A few members of the Mozilla UX team spent the last weekend at MozCamp which was held in Warsaw, Poland at the Fabryka Trzciny. There, we heard talks from Mozilla leadership, led sessions, and most importantly met with other members of the Mozilla community from Europe, the Middle East and Africa. I’m going to skip over much of the programmed content (which was universally excellent) so that I can discuss our work at the conference.
The User Experience Research Team had two goals in attending:
- To introduce ourselves to the larger Mozilla Community and lead an ideation session with my colleague Mary Trombley called Firefox: What Should Be Next?
- Conduct user interviews with developers about how they learn new technologies for use on our own App Marketplace Developer Hub.
Over the course of two blog posts, I want to cover each of these goals and their outcomes.
User Research Presentation and Ideation Session
First off, our session was much more well-attended than we anticipated. The attendees were excited to hear about what the user experience research team does and how our work influences the direction and outcomes of projects. We had a chance to answer some questions which mainly focused on how to integrate our activities more effectively into the community at-large.
The most interesting result from the discussion was the consensus that with the assistance of the Mozilla Community we have the opportunity to broaden the scope geographically and culturally of user experience research. The Mozilla User Research Team is especially interested now how we can partner with Mozilla Community members in conducting more user research in their locales. Some of this may evolve toward the goal of training Mozilla Community members in user research techniques in order to be able to gather richer and more relevant qualitative data. Our team looks forward to hearing from the community members we met with to discuss more about working with them on this endeavor.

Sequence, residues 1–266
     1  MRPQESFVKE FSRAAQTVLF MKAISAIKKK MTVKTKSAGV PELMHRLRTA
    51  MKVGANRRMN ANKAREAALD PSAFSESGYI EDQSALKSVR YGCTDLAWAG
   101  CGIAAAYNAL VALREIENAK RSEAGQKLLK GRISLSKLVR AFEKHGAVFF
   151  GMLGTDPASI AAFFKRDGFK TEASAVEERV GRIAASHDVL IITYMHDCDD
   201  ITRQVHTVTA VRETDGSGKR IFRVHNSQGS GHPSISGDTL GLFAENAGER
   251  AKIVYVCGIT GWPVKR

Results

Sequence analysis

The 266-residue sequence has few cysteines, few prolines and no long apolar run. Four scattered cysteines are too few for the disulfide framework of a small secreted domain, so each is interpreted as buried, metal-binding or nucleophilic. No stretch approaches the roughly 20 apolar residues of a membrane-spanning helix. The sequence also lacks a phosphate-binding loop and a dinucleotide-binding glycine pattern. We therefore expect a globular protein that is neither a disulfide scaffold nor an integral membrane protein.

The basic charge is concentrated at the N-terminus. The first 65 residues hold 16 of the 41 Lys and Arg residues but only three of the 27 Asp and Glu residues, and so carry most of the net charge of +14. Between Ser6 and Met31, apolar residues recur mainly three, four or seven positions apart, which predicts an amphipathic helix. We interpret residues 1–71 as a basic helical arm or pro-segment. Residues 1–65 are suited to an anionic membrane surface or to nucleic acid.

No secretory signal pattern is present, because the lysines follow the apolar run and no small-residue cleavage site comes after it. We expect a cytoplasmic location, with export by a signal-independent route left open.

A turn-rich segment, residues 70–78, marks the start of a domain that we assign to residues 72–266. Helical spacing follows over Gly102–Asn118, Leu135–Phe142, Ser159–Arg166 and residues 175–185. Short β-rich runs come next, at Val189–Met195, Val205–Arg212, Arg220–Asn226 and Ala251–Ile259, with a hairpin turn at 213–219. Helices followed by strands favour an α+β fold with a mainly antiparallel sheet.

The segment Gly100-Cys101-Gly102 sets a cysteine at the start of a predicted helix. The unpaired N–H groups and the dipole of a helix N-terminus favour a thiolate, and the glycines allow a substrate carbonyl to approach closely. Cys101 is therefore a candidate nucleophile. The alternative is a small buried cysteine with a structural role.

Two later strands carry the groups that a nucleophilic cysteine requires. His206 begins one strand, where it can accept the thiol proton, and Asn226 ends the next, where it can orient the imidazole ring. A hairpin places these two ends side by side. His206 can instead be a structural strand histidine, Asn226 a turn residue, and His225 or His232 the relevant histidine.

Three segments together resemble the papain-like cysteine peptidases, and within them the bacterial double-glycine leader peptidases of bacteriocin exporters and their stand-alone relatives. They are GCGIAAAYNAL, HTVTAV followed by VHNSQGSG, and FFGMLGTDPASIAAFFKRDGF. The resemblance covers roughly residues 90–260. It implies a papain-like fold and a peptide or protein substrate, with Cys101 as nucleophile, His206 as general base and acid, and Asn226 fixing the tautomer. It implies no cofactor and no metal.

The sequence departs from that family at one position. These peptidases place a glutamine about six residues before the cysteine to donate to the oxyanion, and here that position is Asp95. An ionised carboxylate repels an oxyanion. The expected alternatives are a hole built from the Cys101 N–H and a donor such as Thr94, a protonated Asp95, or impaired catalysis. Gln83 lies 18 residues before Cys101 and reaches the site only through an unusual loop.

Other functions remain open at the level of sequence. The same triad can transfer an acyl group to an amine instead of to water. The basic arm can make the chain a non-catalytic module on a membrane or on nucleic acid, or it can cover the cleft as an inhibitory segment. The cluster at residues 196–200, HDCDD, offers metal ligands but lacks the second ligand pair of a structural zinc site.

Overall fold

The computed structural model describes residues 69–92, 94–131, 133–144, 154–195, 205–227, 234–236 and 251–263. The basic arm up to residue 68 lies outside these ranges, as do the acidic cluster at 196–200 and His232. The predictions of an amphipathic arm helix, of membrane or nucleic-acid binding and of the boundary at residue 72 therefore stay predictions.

For the ideation session, the attendees were given four topics with recent user experience research findings to then come up with ideas for how to tackle those features. The topics were:
- What is the future of the browser?
- Improving the first run of Firefox
Participants divided up into one team for each topic and after spending 20 minutes in discussion, presented their ideas to the other attendees. There were some really exciting ideas that were generated and we are eager to share them with the appropriate product teams who could not be in attendance.
Below are some of the ideas generated by and discussed during the ideation session.
- Create a visaully-oriented sidebar dashboard for bookmarks including the following elements: title, screenshot, favicon, URL or extracted key images.
- Interaction with history to make suggestions for flagged items.
- Auto-expiration of saved items based on time or other user-defined criteria.
- Expose privacy controls early in the user’s experience of Firefox, perhaps during set up or the first run.
- When something breaks due to a privacy setting, explain why in clear language.
What is the future of the browser?
- Flatten the user experience for deeper integration into the operating system.
- Home screen icons could provide deeper more functionality (like windows tiles). For example, there could be a mail tile that tells you when new mail is available.
- The browser could help users find more relevant things more easily such as social tools or events via services such as GPS.
Improving the First Run of Firefox for New Users
- A tailored first run based on the browser from which the user is migrating.
- A lightweight tour.
- Surfacing unused and unexplored features in a lightweight and simple manner.
- Locale-specific suggestions for add-ons and other tools.
Next time, we’ll talk about the user research we conducted with developers on how they learn unfamiliar technologies including programming languages and platforms.